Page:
IAS Gyan

Daily News Analysis


3rd August, 2023 Economy

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Context: The Indian government has launched a settlement scheme called 'Vivad se Vishwas II - (Contractual Disputes)' for resolving contractual disputes with vendors or suppliers to the government and its undertakings. The Finance Minister announced the scheme during Union Budget 2023-24.


  • The scheme aims to settle contractual disputes involving the government and its undertakings where an arbitral award is under challenge in a court. It offers a voluntary settlement process with standardized terms and provides graded settlement terms based on the level of pendency of the disputes.
  • To be eligible for consideration under the settlement scheme, the aggrieved party should have secured an arbitral award by January 31, 2023, and the cut-off date for court orders is April 30.
  • The scheme applies to all domestic contractual disputes where one of the parties is either the Government of India or an organization under its control.
  • The scheme aims to expedite the resolution of contractual disputes and promote a smoother business environment for vendors and suppliers dealing with the government and its undertakings. The deadline for firms to submit their claims for consideration is October 31.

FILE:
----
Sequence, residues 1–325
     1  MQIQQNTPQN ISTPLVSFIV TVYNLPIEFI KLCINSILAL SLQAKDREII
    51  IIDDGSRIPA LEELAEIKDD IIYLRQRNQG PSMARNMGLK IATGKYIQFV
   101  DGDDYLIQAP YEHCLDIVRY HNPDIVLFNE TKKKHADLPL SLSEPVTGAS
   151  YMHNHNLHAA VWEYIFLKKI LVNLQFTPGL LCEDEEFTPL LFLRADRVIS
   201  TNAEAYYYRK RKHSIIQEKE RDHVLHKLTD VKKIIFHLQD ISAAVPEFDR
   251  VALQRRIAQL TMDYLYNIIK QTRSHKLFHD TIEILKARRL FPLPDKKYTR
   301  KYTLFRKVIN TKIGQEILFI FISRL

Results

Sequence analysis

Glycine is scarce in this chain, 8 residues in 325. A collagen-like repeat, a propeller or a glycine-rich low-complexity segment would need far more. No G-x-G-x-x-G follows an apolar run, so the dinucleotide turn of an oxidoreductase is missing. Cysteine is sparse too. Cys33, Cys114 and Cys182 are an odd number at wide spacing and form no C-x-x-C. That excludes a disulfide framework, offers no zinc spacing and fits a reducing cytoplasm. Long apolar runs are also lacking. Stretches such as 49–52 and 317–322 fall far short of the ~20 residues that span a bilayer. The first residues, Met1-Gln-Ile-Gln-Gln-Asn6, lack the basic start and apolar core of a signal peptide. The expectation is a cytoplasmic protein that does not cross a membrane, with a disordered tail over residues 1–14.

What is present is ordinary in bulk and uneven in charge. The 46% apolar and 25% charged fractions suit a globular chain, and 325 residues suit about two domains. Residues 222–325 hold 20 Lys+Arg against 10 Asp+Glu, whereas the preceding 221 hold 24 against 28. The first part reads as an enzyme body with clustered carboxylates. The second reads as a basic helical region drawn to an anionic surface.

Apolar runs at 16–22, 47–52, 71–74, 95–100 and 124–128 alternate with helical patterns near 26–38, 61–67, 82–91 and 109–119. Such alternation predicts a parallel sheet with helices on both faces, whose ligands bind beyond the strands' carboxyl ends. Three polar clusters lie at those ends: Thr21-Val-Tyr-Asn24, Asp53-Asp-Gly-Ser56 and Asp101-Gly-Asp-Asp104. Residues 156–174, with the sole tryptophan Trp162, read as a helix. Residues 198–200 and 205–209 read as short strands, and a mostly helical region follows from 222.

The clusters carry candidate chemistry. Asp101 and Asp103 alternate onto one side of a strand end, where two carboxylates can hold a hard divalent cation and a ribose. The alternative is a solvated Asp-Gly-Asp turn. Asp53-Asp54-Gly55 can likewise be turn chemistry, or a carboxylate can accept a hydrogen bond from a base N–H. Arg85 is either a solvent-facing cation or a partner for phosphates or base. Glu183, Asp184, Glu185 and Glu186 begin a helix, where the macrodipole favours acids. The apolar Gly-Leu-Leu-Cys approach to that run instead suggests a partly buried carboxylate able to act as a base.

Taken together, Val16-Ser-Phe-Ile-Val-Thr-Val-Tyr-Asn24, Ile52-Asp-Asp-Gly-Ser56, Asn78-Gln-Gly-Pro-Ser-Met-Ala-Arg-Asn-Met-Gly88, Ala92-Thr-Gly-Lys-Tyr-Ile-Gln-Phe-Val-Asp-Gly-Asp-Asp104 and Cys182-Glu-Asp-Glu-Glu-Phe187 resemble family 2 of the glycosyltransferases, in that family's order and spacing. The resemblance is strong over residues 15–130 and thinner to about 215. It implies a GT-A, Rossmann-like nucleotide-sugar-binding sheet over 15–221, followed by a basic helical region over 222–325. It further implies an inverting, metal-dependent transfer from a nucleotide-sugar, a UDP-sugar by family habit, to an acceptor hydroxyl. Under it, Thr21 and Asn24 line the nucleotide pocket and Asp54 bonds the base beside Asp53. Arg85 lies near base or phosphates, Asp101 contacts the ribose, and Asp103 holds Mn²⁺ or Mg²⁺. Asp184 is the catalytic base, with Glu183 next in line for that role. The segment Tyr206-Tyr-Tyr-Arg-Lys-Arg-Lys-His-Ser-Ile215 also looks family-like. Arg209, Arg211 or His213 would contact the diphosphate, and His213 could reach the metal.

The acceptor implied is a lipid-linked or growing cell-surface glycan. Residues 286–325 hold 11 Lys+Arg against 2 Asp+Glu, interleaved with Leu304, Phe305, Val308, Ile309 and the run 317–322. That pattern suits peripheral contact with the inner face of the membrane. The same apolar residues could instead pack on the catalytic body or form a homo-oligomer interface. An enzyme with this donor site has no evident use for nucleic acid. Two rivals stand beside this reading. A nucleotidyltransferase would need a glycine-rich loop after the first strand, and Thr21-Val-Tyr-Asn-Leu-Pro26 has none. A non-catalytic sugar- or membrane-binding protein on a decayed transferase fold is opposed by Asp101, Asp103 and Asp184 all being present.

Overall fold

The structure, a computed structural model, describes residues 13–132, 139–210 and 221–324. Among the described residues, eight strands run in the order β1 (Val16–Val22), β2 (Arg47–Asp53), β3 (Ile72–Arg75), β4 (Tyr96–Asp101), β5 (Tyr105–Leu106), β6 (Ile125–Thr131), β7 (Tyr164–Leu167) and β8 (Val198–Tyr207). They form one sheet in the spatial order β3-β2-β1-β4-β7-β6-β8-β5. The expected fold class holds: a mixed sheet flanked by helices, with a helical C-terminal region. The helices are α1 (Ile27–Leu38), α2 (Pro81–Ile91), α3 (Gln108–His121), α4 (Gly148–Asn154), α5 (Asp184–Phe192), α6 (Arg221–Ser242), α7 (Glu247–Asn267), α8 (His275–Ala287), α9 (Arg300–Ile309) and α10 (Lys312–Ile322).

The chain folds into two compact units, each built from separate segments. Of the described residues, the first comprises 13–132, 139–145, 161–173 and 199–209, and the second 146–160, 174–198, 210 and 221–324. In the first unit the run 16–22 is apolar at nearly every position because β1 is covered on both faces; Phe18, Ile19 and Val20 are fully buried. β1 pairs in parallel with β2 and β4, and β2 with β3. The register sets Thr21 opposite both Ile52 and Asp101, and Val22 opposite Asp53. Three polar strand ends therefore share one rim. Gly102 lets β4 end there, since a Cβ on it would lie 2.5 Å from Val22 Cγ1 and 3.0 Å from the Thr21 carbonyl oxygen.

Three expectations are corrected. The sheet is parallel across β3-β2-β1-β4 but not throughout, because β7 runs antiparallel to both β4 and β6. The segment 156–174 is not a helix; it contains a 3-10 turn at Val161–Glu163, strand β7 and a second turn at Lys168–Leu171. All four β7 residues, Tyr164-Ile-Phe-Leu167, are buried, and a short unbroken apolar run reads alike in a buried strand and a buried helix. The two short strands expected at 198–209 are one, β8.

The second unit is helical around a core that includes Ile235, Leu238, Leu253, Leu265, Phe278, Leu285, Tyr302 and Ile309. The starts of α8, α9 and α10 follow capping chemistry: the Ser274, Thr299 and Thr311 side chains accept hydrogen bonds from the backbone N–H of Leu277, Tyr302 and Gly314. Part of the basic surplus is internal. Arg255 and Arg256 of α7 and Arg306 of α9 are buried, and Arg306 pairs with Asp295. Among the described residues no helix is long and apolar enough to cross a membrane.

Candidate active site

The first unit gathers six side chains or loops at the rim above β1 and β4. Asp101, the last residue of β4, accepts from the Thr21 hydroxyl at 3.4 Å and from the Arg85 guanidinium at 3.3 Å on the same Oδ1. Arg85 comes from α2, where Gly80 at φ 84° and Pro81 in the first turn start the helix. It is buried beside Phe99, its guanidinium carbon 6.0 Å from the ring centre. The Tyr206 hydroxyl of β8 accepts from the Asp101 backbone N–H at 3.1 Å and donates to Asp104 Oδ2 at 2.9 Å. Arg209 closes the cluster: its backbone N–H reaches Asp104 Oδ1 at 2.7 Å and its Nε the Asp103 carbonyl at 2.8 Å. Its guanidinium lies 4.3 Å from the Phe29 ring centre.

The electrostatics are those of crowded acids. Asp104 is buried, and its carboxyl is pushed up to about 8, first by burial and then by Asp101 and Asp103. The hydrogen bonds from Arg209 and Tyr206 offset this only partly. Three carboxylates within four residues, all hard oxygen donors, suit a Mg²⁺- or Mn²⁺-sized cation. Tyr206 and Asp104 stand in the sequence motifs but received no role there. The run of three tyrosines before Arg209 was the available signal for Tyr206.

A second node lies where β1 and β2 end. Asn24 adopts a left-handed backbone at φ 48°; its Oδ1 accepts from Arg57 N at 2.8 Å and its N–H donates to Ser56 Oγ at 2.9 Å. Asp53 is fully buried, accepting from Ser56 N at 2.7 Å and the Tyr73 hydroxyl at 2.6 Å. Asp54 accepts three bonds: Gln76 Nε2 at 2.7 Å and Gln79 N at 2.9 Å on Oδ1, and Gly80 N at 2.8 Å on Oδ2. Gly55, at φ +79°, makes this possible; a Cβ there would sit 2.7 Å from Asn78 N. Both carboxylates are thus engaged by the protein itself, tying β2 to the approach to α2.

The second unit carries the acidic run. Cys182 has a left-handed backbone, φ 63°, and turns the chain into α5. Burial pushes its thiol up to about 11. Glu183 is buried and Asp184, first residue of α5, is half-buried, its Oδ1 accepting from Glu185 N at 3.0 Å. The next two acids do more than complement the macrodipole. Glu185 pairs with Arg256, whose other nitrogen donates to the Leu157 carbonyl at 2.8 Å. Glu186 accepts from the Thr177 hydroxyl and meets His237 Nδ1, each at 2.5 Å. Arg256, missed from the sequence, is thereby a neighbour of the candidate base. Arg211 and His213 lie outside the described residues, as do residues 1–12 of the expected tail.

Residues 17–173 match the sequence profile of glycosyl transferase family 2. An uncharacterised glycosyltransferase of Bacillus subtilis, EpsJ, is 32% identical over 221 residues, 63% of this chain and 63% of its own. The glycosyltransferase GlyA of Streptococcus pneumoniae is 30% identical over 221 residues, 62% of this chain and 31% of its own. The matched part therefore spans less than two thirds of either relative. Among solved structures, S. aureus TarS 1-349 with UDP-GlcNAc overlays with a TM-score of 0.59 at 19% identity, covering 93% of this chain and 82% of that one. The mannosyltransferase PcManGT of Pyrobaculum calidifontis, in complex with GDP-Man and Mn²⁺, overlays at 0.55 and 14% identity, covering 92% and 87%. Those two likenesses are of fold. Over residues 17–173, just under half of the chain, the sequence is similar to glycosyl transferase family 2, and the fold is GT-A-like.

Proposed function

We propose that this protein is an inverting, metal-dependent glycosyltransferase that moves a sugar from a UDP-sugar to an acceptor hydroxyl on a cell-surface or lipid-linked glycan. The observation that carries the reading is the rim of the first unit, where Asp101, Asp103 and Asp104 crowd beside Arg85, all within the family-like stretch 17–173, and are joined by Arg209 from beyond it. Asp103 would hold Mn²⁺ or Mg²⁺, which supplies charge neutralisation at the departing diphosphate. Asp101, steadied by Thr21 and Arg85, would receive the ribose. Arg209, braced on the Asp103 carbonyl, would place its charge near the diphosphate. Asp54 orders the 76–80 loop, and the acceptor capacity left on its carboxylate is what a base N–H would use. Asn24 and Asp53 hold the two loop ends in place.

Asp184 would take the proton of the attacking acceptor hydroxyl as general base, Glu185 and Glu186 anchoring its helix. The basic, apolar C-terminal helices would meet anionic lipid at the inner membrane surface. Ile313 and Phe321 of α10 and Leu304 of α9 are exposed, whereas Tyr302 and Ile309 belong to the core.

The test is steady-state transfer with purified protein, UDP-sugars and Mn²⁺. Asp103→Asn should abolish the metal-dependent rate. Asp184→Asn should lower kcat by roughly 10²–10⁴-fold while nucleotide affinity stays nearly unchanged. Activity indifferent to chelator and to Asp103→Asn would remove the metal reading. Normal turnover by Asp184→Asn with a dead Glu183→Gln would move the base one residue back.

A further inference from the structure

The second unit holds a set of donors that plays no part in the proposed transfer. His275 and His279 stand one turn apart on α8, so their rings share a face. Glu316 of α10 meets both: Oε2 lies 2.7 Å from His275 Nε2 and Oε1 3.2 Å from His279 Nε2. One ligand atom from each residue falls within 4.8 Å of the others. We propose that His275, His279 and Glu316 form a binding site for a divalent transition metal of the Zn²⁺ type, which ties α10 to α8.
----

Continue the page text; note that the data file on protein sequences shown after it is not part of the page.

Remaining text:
Contractual disputes


  • Contractual disputes are disputes between the parties to any contract regarding any clause of the contract. They may arise due to various reasons, such as breach of contract, non-performance, delay, force majeure, frustration of contract, etc. They can have a significant impact on the economy, as they affect the business environment, investor confidence, trade relations and public welfare.
  • In India, contractual disputes involving the government and its undertakings are often resolved through arbitration, which is a form of alternative dispute resolution (ADR) that allows parties to appoint an impartial third party (arbitrator) to decide their case.
  • According to a report by NITI Aayog in 2016, about 3.14 lakh cases were pending in various courts related to public contracts worth Rs 9.38 lakh crore. These cases accounted for about 46% of all pending cases in courts and about 5% of India's GDP. The report also estimated that resolving these cases could potentially unlock Rs 5.83 lakh crore worth of investments.


  • Legal Costs: Resolving contractual disputes often involves legal proceedings, leading to substantial legal costs for the parties. These costs can include fees for lawyers, arbitrators, mediators, experts, and courts.